BLOG: SBA Loans – Microloans & Special Purpose Loans

The Microloan Program provides very small loans to starting up, newly established, or growing small businesses. Under this program, SBA makes funds available to nonprofit community-based lenders (intermediaries) which, in turn, make loans to eligible borrowers.

Terms, Amounts, and Interest Rates

The maximum term allowed for a microloan is six years. However, loan terms vary according to the size of the loan, the planned use of funds, the requirements of the intermediary lender, and the needs of the small business borrower. (more…)

BLOG: IRS Checklist for Small Businesses

As a new business owner you need to know your federal tax responsibilities. This page provides links to basic federal tax information for people who are starting a business. It also provides useful information for making basic business decisions. The list should not be construed as all-inclusive. Other steps may be appropriate for your specific type of business.

Determine if it is a business or a hobby: For your activity to be considered a business rather than a hobby, your business must be profitable during at least three of the last five tax years, including the current year. (more…)

BLOG: SBA Disaster Loans

If you are the victim of a disaster and you rent or own your own home, own your own business, or own a small agricultural cooperative located in a declared disaster area, you may be eligible for financial assistance from the SBA.

What Types of Disaster Loans are Available?

Home Disaster Loans: Loans to homeowners or renters to repair or replace disaster-damaged real estate or personal property owned by the victim. Renters are eligible for their personal property losses, including automobiles. (more…)

BLOG: Contracting — Finding Opportunities

The Federal Acquisition Regulation (FAR) outlines the procedures that contracting officials must use to guide government purchases. It includes the methods listed below, which are used to notify contractors of the goods and services currently being solicited by government agencies. For more information about the FAR, go to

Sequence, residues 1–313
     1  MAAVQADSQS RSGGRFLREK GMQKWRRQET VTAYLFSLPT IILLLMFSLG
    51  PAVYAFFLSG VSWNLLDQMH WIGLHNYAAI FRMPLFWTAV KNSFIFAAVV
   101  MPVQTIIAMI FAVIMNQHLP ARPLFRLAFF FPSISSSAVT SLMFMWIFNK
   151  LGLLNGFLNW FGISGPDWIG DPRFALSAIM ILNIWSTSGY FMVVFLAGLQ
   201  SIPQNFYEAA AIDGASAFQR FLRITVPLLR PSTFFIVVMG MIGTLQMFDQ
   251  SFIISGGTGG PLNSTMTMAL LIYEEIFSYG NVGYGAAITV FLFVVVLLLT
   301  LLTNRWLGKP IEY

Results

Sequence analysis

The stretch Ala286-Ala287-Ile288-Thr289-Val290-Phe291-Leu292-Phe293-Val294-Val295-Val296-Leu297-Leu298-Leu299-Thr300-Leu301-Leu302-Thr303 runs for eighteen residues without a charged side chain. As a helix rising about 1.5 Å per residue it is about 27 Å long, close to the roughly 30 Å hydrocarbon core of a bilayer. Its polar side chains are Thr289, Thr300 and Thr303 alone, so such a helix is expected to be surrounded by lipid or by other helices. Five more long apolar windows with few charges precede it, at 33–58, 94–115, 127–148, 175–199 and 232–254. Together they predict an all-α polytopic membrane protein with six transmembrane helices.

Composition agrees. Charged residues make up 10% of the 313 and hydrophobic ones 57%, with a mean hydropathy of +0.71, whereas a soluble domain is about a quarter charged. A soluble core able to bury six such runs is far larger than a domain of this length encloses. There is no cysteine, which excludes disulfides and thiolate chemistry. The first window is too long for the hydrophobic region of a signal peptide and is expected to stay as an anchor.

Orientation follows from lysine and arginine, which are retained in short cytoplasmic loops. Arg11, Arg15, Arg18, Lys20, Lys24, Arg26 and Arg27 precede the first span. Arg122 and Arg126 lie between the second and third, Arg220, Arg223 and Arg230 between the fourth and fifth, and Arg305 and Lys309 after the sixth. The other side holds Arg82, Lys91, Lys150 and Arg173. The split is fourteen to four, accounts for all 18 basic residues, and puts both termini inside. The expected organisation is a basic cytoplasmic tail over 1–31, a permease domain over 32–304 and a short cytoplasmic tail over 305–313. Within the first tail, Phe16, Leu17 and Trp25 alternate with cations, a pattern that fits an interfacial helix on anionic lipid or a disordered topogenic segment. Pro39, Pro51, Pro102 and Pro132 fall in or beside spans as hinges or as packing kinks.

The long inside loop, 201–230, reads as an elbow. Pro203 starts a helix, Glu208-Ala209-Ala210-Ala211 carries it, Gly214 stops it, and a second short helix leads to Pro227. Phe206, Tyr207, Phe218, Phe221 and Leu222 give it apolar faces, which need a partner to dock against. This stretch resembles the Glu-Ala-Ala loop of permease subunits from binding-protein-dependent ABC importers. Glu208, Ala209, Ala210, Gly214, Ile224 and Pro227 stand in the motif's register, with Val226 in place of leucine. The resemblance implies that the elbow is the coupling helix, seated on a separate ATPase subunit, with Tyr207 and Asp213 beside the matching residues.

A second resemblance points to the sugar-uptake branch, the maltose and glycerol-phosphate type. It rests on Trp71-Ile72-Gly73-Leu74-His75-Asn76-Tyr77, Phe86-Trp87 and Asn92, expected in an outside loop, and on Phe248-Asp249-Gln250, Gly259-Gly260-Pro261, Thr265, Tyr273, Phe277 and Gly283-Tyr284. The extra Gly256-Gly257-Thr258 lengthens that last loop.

Federal Business Opportunities (FedBizOpps) lists which agencies are buying and what their needs are. Its single-entry, government-wide website ( announces all available business opportunities over $25,000. FedBizOpps will be your most important source of information. (more…)

BLOG: Financing your Business Part V – Applying for a Loan

So far in our “Financing your Business” series, we have covered the questions you should ask yourself before seeking financing, credit factors you should consider, what bankers are looking for, and the financial statements you need to have completed prior to applying for a loan.  Now that you understand some of these different factors and you know the type of financing you are going to seek, it’s time to prepare a written loan proposal.

Always begin your proposal with a cover letter or executive summary. Clearly and briefly explain who you are, your business background, the nature of your business, the amount and purpose of your loan request, your requested terms of repayment, how the funds will benefit your business, and how you will repay the loan. Keep this cover page simple and direct. (more…)